Real Estate

Apartment Investing Took a Huge Hit, Is a Comeback On the Way?

Almost overnight, multifamily investing went from red-hot to something not even the most experienced investors would touch. After interest rates went up, rent growth stalled, and apartment supply flooded the market, the apartment investing industry became the ugly duckling of real estate. Owners struggled to get tenants and had huge balloon payments due, and no one was there to save them. But one man predicted that this would happen before anyone else—Brian Burke.

After seeing a crash on the horizon, Brian sold off most of his multifamily real estate portfolio and did it at just the right time. Now, he has a new prediction that could make apartment investors very happy. But a market turnaround won’t come quickly, and if you want to ensure you don’t make the same mistakes most multifamily investors made in 2020 – 2022, you’ll need to hear this BiggerNews episode.

In this BiggerNews, Brian walks through everything that went wrong with multifamily real estate, signs it’s time to sell your properties, and some hope on the horizon for 2025 that most investors have no idea about.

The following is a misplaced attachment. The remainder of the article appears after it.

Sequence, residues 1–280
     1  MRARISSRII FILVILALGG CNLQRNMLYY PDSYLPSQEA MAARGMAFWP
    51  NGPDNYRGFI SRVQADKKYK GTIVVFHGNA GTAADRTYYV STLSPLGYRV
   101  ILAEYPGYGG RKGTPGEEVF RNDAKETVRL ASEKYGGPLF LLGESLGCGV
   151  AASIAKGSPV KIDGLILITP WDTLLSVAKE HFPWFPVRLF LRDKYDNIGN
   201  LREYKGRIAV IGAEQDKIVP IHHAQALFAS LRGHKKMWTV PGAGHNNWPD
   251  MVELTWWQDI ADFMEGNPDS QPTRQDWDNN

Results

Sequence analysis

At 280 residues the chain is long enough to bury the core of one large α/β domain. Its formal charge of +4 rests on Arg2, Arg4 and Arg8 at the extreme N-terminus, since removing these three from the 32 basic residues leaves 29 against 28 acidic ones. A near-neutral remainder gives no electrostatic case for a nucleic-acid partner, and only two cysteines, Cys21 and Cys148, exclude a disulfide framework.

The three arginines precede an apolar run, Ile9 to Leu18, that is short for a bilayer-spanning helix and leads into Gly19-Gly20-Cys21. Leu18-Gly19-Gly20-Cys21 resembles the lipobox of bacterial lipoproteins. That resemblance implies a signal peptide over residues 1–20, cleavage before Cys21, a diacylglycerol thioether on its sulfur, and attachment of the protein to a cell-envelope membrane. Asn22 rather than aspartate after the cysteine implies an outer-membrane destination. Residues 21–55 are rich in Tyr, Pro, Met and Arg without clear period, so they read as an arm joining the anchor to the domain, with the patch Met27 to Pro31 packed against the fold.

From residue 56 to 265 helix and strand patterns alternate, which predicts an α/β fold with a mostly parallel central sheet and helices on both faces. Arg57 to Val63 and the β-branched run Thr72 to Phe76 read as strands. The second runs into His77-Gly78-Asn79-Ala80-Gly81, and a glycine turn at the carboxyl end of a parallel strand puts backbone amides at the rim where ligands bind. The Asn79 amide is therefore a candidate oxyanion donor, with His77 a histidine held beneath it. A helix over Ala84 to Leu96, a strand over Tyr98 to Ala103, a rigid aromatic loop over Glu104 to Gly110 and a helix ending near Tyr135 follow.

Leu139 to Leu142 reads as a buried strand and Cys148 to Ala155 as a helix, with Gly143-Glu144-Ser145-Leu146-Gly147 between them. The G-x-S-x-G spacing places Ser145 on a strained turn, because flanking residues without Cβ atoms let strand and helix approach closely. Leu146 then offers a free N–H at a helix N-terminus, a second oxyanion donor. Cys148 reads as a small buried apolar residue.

Dave:
It seems like every single media asset that I look at has some sort of headline saying that you should stay away from commercial investing or that multifamily is in trouble. So when did all of this negative sentiment start, and why are we seeing this softness today? We’re covering everything on the multifamily asset class.

Dave:
Hey investors. I am Dave Meyer, and in this episode we are bringing back a fan favorite and a BiggerPockets OG member Brian Burke. You’ve probably seen him on this podcast or some of our sister podcasts. He was recently on, on the market, and we bring him on a lot because Brian is a seasoned investor in the multifamily space. And today we’re going to pepper him with questions about multifamily. And he’s gonna start by giving us a little bit of a history lesson to help us understand what some of the macroeconomic, some of the housing demographic trends that led us to where we are in multifamily. And before we jump into this, I just want to clarify that when we say multifamily, we are specifically talking about commercial real estate assets, which are defined as five or more units. And that may seem like a arbitrary number, but it’s actually not.